Microarray showing a snapshot of active genes in spleen cells in four different House Finches (Carpodacus mexicanus) with variable plumage. Photo: Camille Bonneaud
The Encyclopedia of Life project is an unprecedented effort to make available information for all species of life on Earth, accessible through one website. The Encyclopedia of Life (EOL) will be a constantly evolving encyclopedia that lives on the Internet, with contributions from scientists and amateurs alike. EOL will create 'one-stop shopping' for authoritative information, offering the world at large a better understanding of the planet and all its inhabitants. Species pages will include authenticated information about species as well as access to a wealth of other materials, including peer-reviewed articles and access to DNA barcodes, all freely available. It is being assembled by a growing partnership of individual scientists, international organizations, technology leaders, and prestigious research institutions. But soon anyone will be able to provide information for consideration, too.
Initiated in May 2007, EOL's infrastructure now includes placeholder pages for 1 million species, of which over 100,000 have been populated with detailed information derived from comprehensive, authoritative compilations available for some taxonomic groups (e.g., FishBase, AmphibiaWeb). In addition, about two dozen highly developed multimedia pages are presented as examples of what to expect in time throughout the EOL.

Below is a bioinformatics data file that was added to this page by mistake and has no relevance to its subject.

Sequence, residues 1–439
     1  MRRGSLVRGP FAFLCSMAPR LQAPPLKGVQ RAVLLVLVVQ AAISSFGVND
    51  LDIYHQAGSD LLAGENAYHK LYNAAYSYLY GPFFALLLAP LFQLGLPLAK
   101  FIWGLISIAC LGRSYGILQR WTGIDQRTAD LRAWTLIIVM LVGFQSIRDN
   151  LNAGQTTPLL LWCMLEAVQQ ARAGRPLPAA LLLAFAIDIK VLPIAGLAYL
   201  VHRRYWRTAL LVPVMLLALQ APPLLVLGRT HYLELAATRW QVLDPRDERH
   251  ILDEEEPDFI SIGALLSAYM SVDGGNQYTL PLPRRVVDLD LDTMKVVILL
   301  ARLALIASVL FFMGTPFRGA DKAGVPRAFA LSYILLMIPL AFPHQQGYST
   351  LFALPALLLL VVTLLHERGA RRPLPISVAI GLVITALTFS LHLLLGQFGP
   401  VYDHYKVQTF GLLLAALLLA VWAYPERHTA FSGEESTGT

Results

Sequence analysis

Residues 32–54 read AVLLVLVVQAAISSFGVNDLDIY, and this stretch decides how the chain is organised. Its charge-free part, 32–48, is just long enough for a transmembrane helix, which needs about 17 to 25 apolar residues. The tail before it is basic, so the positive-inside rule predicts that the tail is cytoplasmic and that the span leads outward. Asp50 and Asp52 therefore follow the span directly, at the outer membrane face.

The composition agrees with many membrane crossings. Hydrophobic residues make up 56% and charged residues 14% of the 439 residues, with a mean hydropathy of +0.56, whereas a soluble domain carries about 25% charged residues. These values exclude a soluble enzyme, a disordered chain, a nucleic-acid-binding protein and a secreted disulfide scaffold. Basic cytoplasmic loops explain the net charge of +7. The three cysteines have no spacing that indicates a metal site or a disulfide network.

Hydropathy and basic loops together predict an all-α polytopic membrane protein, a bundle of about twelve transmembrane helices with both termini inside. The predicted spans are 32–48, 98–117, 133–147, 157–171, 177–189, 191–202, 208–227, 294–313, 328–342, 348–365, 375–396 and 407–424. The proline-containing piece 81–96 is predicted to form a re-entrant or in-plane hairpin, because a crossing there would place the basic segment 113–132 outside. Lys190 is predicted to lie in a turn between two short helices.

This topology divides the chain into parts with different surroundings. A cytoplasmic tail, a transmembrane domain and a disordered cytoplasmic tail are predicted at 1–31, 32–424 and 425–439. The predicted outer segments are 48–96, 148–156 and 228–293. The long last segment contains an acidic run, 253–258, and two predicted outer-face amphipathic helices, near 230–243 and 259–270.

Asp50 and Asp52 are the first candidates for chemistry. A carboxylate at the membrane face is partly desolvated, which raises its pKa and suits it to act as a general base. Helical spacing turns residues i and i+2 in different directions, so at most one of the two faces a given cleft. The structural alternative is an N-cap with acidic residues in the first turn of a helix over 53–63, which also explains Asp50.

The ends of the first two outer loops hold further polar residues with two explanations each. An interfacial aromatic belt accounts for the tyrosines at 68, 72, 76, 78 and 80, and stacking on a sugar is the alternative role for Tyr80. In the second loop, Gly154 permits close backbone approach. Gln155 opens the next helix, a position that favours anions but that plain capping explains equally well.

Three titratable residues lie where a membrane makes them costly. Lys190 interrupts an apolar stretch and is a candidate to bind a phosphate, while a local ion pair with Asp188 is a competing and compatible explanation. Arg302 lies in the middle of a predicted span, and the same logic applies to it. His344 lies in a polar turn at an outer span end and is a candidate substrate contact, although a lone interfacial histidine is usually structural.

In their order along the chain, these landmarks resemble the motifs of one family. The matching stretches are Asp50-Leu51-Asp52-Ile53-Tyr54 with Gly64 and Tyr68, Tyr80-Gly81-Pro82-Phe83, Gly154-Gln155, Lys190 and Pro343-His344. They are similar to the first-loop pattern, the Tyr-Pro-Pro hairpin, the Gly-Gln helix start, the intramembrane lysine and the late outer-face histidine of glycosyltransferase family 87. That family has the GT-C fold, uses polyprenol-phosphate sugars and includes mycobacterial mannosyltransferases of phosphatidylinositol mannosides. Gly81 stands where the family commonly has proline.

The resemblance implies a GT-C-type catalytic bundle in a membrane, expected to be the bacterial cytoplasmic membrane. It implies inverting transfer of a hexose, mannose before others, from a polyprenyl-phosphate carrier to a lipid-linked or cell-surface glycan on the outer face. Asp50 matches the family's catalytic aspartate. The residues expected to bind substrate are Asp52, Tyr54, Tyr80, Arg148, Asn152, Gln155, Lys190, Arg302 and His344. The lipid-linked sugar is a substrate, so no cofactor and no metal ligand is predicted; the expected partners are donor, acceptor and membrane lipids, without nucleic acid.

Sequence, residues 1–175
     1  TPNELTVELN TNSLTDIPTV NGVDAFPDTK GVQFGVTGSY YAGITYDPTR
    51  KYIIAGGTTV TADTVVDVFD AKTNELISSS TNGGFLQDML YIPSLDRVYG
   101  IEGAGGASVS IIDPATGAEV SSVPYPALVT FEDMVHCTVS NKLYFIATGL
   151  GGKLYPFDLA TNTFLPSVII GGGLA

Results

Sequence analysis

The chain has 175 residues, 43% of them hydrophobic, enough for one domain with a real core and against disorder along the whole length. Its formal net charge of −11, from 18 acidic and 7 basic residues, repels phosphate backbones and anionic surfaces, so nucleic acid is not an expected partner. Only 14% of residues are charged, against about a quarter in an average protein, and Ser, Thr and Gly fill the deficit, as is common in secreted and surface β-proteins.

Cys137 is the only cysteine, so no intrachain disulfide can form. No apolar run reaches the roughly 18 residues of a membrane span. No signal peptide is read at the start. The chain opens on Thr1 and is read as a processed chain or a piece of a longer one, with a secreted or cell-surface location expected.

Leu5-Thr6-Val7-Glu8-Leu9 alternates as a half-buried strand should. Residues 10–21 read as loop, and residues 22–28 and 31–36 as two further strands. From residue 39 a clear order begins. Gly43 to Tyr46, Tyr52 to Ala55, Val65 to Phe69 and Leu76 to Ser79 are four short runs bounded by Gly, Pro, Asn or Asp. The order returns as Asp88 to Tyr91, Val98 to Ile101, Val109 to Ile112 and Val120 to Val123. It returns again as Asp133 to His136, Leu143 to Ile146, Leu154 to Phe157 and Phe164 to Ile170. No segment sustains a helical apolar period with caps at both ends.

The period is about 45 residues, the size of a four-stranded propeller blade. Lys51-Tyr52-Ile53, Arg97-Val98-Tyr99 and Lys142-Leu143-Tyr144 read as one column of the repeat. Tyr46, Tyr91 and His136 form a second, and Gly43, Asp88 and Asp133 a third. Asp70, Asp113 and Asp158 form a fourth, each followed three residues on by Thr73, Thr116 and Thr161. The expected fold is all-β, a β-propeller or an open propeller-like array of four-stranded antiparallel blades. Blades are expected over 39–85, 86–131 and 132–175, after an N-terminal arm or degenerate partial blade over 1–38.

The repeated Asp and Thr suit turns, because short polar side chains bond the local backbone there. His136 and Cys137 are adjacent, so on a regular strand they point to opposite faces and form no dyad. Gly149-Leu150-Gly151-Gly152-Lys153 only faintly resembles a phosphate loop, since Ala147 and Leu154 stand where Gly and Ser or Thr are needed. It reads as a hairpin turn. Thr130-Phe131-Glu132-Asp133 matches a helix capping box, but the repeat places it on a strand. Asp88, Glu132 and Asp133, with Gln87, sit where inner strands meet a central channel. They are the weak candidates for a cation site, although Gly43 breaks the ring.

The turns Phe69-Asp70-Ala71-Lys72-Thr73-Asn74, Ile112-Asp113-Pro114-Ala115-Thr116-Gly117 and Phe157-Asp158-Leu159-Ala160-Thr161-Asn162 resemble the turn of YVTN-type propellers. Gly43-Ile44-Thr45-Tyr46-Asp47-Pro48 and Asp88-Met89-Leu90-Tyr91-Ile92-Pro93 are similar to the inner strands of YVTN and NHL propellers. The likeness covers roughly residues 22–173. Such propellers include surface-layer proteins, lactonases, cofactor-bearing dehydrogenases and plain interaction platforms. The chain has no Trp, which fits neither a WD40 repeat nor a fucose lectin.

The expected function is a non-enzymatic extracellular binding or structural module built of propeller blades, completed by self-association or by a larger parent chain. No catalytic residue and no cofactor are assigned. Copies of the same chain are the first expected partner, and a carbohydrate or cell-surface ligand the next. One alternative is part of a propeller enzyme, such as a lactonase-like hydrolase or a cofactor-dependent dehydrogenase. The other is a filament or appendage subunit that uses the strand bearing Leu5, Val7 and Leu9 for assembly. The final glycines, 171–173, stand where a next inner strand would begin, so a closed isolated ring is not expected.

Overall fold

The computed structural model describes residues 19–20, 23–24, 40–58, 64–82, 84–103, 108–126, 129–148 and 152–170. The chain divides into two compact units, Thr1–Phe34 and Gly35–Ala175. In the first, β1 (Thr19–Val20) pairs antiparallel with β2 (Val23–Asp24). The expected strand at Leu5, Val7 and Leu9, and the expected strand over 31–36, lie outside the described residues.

Harvard University is one of six cornerstone institutions that initiated the EOL. The initial idea for the EOL was articulated by E.O. Wilson, Harvard University Professor Emeritus. Harvard's involvement continues through a wide variety of activities, including: Professor James Hanken, director of Harvard's Museum of Comparative Zoology (MCZ) is chair of the EOL Steering Committee; the Education and Outreach component of EOL is headed by Marie Studer housed at the MCZ; two of Harvard's libraries (Ernst Mayr Library of the MCZ and Harvard University Botany Libraries) are members of the Biodiversity Heritage Library, a foundational partner of the EOL. In addition, several Harvard research scientists have written species pages for the EOL and it is expected more will be involved in this capacity in the future.